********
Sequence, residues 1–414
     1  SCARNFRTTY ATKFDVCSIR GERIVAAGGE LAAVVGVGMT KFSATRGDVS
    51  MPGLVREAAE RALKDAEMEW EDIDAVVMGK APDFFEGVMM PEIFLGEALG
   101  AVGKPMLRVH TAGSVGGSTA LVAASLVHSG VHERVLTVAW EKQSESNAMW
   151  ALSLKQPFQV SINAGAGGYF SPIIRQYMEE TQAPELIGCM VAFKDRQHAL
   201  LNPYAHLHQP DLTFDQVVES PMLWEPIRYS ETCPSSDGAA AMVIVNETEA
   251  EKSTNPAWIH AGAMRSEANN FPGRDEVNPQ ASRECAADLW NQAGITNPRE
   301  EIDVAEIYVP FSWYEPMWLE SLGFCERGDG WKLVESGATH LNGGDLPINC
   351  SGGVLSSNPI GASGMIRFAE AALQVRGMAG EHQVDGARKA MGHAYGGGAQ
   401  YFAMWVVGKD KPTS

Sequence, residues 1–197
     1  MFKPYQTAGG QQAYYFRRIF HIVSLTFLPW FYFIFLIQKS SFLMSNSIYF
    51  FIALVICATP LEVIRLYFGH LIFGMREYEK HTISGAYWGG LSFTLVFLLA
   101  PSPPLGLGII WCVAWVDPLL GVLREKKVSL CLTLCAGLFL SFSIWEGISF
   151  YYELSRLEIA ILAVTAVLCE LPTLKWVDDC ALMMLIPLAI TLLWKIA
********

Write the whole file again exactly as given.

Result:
Sequence, residues 1–414
     1  SCARNFRTTY ATKFDVCSIR GERIVAAGGE LAAVVGVGMT KFSATRGDVS
    51  MPGLVREAAE RALKDAEMEW EDIDAVVMGK APDFFEGVMM PEIFLGEALG
   101  AVGKPMLRVH TAGSVGGSTA LVAASLVHSG VHERVLTVAW EKQSESNAMW
   151  ALSLKQPFQV SINAGAGGYF SPIIRQYMEE TQAPELIGCM VAFKDRQHAL
   201  LNPYAHLHQP DLTFDQVVES PMLWEPIRYS ETCPSSDGAA AMVIVNETEA
   251  EKSTNPAWIH AGAMRSEANN FPGRDEVNPQ ASRECAADLW NQAGITNPRE
   301  EIDVAEIYVP FSWYEPMWLE SLGFCERGDG WKLVESGATH LNGGDLPINC
   351  SGGVLSSNPI GASGMIRFAE AALQVRGMAG EHQVDGARKA MGHAYGGGAQ
   401  YFAMWVVGKD KPTS

Sequence, residues 1–197
     1  MFKPYQTAGG QQAYYFRRIF HIVSLTFLPW FYFIFLIQKS SFLMSNSIYF
    51  FIALVICATP LEVIRLYFGH LIFGMREYEK HTISGAYWGG LSFTLVFLLA
   101  PSPPLGLGII WCVAWVDPLL GVLREKKVSL CLTLCAGLFL SFSIWEGISF
   151  YYELSRLEIA ILAVTAVLCE LPTLKWVDDC ALMMLIPLAI TLLWKIA